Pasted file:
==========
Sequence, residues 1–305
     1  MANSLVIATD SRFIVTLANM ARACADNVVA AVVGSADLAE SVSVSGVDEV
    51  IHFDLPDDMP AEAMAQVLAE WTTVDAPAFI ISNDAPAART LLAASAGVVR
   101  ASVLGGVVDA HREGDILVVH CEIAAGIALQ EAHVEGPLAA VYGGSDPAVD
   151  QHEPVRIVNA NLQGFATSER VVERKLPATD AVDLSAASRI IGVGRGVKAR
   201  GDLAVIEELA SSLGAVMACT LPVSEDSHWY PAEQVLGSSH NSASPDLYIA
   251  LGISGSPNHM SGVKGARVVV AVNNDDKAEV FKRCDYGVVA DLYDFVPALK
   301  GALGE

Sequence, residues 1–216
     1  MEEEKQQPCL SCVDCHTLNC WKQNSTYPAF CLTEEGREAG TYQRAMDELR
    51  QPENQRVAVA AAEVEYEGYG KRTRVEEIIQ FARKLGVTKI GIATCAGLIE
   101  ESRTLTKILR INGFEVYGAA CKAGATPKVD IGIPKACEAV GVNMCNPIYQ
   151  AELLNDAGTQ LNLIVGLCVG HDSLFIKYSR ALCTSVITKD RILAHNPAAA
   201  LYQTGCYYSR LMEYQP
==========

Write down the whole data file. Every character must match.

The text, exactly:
Sequence, residues 1–305
     1  MANSLVIATD SRFIVTLANM ARACADNVVA AVVGSADLAE SVSVSGVDEV
    51  IHFDLPDDMP AEAMAQVLAE WTTVDAPAFI ISNDAPAART LLAASAGVVR
   101  ASVLGGVVDA HREGDILVVH CEIAAGIALQ EAHVEGPLAA VYGGSDPAVD
   151  QHEPVRIVNA NLQGFATSER VVERKLPATD AVDLSAASRI IGVGRGVKAR
   201  GDLAVIEELA SSLGAVMACT LPVSEDSHWY PAEQVLGSSH NSASPDLYIA
   251  LGISGSPNHM SGVKGARVVV AVNNDDKAEV FKRCDYGVVA DLYDFVPALK
   301  GALGE

Sequence, residues 1–216
     1  MEEEKQQPCL SCVDCHTLNC WKQNSTYPAF CLTEEGREAG TYQRAMDELR
    51  QPENQRVAVA AAEVEYEGYG KRTRVEEIIQ FARKLGVTKI GIATCAGLIE
   101  ESRTLTKILR INGFEVYGAA CKAGATPKVD IGIPKACEAV GVNMCNPIYQ
   151  AELLNDAGTQ LNLIVGLCVG HDSLFIKYSR ALCTSVITKD RILAHNPAAA
   201  LYQTGCYYSR LMEYQP